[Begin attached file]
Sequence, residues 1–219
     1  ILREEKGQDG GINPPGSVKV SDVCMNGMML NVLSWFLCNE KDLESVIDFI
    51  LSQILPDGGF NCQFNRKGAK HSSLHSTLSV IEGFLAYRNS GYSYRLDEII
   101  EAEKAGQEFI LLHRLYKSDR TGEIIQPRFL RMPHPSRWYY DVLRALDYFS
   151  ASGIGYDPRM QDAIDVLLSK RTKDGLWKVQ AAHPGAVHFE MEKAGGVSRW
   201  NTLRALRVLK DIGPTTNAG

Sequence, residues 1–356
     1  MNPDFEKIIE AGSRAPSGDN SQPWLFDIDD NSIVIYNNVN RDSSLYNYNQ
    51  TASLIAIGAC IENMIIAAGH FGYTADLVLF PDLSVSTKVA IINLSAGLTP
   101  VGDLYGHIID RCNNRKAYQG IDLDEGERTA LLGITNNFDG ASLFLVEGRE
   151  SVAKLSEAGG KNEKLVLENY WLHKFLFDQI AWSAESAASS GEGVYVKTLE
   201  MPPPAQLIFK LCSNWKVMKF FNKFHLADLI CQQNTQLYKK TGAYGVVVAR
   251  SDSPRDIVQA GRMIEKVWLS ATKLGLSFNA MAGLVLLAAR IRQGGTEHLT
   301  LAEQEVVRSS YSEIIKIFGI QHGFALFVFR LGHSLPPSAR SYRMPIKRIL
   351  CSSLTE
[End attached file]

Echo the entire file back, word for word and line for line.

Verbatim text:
Sequence, residues 1–219
     1  ILREEKGQDG GINPPGSVKV SDVCMNGMML NVLSWFLCNE KDLESVIDFI
    51  LSQILPDGGF NCQFNRKGAK HSSLHSTLSV IEGFLAYRNS GYSYRLDEII
   101  EAEKAGQEFI LLHRLYKSDR TGEIIQPRFL RMPHPSRWYY DVLRALDYFS
   151  ASGIGYDPRM QDAIDVLLSK RTKDGLWKVQ AAHPGAVHFE MEKAGGVSRW
   201  NTLRALRVLK DIGPTTNAG

Sequence, residues 1–356
     1  MNPDFEKIIE AGSRAPSGDN SQPWLFDIDD NSIVIYNNVN RDSSLYNYNQ
    51  TASLIAIGAC IENMIIAAGH FGYTADLVLF PDLSVSTKVA IINLSAGLTP
   101  VGDLYGHIID RCNNRKAYQG IDLDEGERTA LLGITNNFDG ASLFLVEGRE
   151  SVAKLSEAGG KNEKLVLENY WLHKFLFDQI AWSAESAASS GEGVYVKTLE
   201  MPPPAQLIFK LCSNWKVMKF FNKFHLADLI CQQNTQLYKK TGAYGVVVAR
   251  SDSPRDIVQA GRMIEKVWLS ATKLGLSFNA MAGLVLLAAR IRQGGTEHLT
   301  LAEQEVVRSS YSEIIKIFGI QHGFALFVFR LGHSLPPSAR SYRMPIKRIL
   351  CSSLTE